In new superhero films I finally saw Thor: The Dark World and it was wonderful, quite different than what I'd expected but very good. I adored the concept of the gaps between the worlds with the characters falling in and out of them, as well as the intriguing backstory of the dark elves. Thor has grown up so much since the first film, and I love his character even more now. For the first time I felt sympathy for Loki, as well as liking him just a little, and it was wonderful to see Thor and he fighting side by side again instead of fighting each other, as well as getting to see so much of Loki's magic. I was saddened by Frigga's death, but I loved that she believed in Loki right until the end, and died heroically. Loki's reaction to her death, and the scene they shared before that were heartbreaking, adding depth to Loki's tragic nature. Thor and Loki's banter during the escape was hilarious, as was Loki's response to everyone threatening his life, and I laughed at Loki turning into Captain America. Thor and Jane's relationship was less appealing to me than last time for some reason, but I did love her risking her life to try to save him toward the end of the battle. Darcy and Ian kept me giggling and I ended up shipping them. The end twist was jaw-dropping, leaving me both happy Loki survived his "death" as well as concerned for the future with him up to his old tricks.

In other new films I saw the beautiful and touching Remember Sunday. I loved the characters and the actors who played them; they were perfect, and Gus and Molly's relationship was believable while still being sweet. I giggled at some parts - like Gus's constant shock over his friend's divorce - and teared up at others, and the comet bits were so lovely. I liked the hopeful, if somewhat bittersweet ending, too. Next was the surprisingly excellent Snow White and the Huntsman, the best version I've seen of the fairytale yet which brought emotion and true personality to the characters where previous versions have failed. Chris Hemsworth was superb as the troubled, yet good-hearted Huntsman, a character I've long adored, and I loved his accent, as well as the hints of romance between Snow White and he, as well as the fact that his kiss and not William's saved her. William was a somewhat fun character, even if his role felt limited in places, and I enjoyed the flashbacks to his childhood with Snow White. Kirsten Stewart was shockingly good at the role, making me change my mind about her acting, and the visuals were gorgeous. I liked the dwarves actually doing something instead of simply comic relief, and the Queen was even more evil than usual, meeting a more fitting end than most versions. Next was Love's Christmas Journey, a sweet, and thankfully more improved installment in the Love Comes Softly series. I liked the characters, as well as seeing little Aaron all grown up and being a wonderful father, and the end was lovely. After that was The Courageous Heart of Irena Sendler, an inspiring true story of a woman who risked her life to save Jewish children during the Holocaust. I loved actually seeing the real lady at the end, and that her story managed to have a happy ending after all she endured, and I loved that she and Stefan found each other in the end. The subplot of the man and his son was poignant and deeply sad, too, and the entire story and filming reminded me a lot of my beloved Hidden In Silence or Miracle At Midnight. After that was The Magic Of Ordinary Days, a lovely, old-fashioned film with a slow-moving plot and slow-growing love story that captivated my heart. The characters felt real and the ending was beautiful. Next was the fun western adventure American Outlaws which, while playing fast and loose with history, was action-packed and a treat to watch, especially with Jesse's shooting tricks, the heroic rescues, and multiple explosions. Then was the heartbreaking and beautiful romance The Lost Valentine. I cried more than I have during any film but I loved it, especially Neil and Caroline's love story. Next was the lovely Heaven Knows Mr. Allison, a moving and poignant mix of love story and war drama with a very human aspect.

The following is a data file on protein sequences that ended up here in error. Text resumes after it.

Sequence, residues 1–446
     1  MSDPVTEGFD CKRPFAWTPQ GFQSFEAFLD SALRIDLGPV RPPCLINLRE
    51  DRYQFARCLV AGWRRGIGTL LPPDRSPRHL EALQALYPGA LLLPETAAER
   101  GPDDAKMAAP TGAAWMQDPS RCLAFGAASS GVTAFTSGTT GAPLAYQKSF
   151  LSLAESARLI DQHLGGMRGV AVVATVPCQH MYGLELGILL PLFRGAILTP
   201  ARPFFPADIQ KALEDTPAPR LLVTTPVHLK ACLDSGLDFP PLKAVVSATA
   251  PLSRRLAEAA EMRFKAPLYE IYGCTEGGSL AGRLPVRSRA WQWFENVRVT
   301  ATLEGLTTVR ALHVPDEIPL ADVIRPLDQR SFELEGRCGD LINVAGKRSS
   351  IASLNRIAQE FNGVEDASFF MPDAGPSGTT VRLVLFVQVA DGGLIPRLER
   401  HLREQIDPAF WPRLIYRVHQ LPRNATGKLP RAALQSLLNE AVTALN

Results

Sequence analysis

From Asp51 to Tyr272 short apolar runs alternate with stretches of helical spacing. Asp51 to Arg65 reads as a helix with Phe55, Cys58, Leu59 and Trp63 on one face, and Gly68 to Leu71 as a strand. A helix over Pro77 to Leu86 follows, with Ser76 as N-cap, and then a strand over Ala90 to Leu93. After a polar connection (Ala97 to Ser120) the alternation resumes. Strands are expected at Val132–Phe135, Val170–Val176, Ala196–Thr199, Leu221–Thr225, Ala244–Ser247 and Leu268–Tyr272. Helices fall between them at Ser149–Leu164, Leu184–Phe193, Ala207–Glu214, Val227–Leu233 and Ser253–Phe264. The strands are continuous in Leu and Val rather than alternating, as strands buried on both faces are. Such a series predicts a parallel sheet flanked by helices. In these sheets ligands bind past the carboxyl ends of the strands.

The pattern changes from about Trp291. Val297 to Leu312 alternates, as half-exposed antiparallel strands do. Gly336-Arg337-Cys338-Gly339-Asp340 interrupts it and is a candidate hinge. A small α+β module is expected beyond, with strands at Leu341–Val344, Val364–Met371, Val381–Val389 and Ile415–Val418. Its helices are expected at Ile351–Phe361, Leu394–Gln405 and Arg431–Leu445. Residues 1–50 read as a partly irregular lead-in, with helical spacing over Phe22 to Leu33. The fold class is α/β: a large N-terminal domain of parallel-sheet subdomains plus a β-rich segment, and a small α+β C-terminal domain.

feeling: drunk
calliope tune: "Some Memories Just Won't Die"-Marty Robbins
 
 
Kathleen
11 May 2012 @ 10:54 pm
Title: Amrit
Fandom: Once Upon A Time In Wonderland
Summary: Genies never dream. They don't have to.
Genre: romance
Characters: Cyrus, Alice
Pairings: Cyrus/Alice
Warnings: set in episode one, before Cyrus's capture.

When you really love someone you don't need proof. You can feel it. )
 
 
feeling: jubilant
calliope tune: "Like The Seasons"-Turtles